Who's Boring Now? -- Not D.C. & Its Artists
If creative leaders from elsewhere ever thought that art is dull in D.C., they are learning differently.
This city on The Potomac has always been on the cusp of challenging art, music, dance, theater, design, technology and everything else that’s forward-thinking.
On Wednesday night, the DC Arts & Humanities Commission hosted art leaders at a festive party that jumpstarted the annual meeting of the National Assembly of State Arts Agencies (NASAA) Thursday-Saturday. It was the kickoff for Assembly 2012, where several hundred arts decision-leaders from states across the nation converge for the major gathering of public arts grant makers.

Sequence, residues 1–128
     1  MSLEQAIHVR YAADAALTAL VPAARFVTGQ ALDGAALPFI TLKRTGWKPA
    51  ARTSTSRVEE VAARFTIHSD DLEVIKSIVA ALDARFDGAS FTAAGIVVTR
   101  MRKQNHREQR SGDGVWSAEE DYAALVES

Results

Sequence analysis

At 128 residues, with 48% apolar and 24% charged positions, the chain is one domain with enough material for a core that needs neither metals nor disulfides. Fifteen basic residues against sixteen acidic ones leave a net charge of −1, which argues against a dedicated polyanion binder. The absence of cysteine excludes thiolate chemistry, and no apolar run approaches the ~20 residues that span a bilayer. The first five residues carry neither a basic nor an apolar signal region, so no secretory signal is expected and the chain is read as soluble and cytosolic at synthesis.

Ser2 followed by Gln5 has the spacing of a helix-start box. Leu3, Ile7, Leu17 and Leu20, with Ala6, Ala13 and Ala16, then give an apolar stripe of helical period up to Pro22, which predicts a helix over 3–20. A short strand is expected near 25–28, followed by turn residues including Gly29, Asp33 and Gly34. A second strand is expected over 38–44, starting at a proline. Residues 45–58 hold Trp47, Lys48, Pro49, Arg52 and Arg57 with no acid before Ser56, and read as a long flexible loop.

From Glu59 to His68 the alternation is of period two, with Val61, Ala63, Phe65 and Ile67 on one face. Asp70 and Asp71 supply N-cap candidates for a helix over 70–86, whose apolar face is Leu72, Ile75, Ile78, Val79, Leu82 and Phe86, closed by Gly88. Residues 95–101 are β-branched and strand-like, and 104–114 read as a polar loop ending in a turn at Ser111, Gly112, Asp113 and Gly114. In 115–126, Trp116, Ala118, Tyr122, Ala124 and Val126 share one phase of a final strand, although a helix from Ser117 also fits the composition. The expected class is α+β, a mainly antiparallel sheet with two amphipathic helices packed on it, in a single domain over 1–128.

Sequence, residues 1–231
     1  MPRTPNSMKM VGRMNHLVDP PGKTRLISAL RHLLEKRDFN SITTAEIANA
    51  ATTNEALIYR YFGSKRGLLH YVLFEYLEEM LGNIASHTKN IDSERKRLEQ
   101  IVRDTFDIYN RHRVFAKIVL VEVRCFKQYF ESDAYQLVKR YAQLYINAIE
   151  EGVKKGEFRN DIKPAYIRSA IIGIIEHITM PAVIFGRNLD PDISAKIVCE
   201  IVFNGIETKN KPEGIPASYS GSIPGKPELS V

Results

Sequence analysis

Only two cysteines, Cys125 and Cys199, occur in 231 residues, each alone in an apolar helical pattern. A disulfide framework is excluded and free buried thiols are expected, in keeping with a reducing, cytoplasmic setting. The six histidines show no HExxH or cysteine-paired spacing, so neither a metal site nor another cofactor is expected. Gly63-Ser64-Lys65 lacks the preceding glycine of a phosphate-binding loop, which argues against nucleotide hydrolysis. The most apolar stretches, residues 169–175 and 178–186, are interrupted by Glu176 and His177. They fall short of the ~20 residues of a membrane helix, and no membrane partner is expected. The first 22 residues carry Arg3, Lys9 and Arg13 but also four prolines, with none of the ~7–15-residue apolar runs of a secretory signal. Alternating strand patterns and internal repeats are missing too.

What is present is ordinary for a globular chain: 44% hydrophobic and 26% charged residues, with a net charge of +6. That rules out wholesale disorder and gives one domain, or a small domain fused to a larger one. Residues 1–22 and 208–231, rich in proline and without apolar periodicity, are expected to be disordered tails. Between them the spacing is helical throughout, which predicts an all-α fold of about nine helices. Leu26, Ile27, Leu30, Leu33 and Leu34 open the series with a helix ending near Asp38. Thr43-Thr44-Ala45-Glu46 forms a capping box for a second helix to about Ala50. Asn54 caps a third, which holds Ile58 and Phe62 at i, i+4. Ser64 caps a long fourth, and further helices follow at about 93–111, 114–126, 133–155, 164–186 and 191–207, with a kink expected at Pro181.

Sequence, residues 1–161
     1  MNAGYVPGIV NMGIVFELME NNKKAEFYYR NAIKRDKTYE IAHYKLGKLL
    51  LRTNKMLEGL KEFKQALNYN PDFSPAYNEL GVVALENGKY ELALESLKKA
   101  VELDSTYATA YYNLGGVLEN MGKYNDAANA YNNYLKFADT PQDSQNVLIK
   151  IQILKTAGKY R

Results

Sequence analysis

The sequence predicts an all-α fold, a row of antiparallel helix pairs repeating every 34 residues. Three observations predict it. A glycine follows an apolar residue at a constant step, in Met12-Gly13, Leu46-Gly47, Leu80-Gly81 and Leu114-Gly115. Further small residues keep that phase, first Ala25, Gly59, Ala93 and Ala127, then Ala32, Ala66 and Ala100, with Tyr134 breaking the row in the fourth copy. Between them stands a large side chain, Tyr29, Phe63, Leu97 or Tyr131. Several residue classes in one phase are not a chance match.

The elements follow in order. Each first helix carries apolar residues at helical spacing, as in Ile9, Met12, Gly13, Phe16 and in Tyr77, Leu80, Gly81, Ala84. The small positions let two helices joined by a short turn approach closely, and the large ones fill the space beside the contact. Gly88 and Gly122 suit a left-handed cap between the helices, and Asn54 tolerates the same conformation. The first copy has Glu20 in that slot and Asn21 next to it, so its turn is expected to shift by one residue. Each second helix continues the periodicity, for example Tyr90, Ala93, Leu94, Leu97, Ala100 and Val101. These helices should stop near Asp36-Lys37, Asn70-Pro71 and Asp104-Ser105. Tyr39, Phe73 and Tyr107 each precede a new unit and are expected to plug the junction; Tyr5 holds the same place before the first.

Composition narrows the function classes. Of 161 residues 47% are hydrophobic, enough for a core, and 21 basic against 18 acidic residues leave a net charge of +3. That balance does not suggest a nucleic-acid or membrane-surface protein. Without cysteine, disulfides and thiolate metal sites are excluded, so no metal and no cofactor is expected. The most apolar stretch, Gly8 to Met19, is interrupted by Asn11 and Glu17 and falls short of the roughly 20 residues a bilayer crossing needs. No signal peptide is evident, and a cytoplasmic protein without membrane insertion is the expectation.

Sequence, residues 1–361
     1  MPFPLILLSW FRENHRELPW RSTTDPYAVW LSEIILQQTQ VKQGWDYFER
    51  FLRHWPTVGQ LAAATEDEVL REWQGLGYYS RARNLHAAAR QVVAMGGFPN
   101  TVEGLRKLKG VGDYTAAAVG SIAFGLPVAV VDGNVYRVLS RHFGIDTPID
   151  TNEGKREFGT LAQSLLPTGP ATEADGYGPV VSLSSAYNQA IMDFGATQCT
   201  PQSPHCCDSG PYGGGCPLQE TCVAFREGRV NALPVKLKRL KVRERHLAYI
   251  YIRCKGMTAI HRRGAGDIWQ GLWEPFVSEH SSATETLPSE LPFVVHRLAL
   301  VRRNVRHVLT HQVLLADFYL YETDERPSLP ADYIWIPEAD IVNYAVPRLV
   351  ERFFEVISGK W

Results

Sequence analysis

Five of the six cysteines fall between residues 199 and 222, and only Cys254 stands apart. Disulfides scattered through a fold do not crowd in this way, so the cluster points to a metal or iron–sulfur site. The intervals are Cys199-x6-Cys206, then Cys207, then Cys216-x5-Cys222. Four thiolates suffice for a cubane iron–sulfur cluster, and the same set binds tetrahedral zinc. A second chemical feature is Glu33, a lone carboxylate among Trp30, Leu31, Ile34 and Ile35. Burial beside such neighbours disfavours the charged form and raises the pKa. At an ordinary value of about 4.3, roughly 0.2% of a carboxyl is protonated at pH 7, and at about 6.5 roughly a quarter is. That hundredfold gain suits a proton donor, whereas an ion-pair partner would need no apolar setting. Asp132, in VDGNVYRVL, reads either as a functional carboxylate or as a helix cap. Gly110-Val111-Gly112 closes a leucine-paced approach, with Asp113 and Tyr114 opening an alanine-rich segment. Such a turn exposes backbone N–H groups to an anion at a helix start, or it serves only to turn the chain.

“The DC Arts and Humanities Commission is delighted to host the opening dinner of the NASAA at the home of chair Judith Terra,” said commissioner Rhona Wolfe Friedman.
Terra, a point-person for D.C.’s inspired society, welcomed the 80-plus guests along with Lionell Thomas, commission executive director.
Among those at the dinner with numerous state arts leaders were City Councilman Tommy Wells; Michael Kahn, artistic director of Shakespeare Theatre Company; Molly Smith, artistic director of Arena Stage; and a contingent of DC arts commission members including Lavinia Wohlfarth, Gretchen Wharton, Susan Clampitt, Rogelio A. Maxwell, Christopher Cowan, Danielle M. St. Germain-Gord, and Mary Ann Miller.
Besides attending seminars, artistic performances, lectures and other events, the conventioneers will take excursions through downtown D.C.'s Penn Quarter. They also will be entertained by acclaimed mezzo-soprano Denyce Graves, The Washington Ballet and U.S. Poet Laureate Natasha Trethewey.
NEA Chairman Rocco Landesman is to address participants about how art and design are revitalizing communities and enhancing quality of life.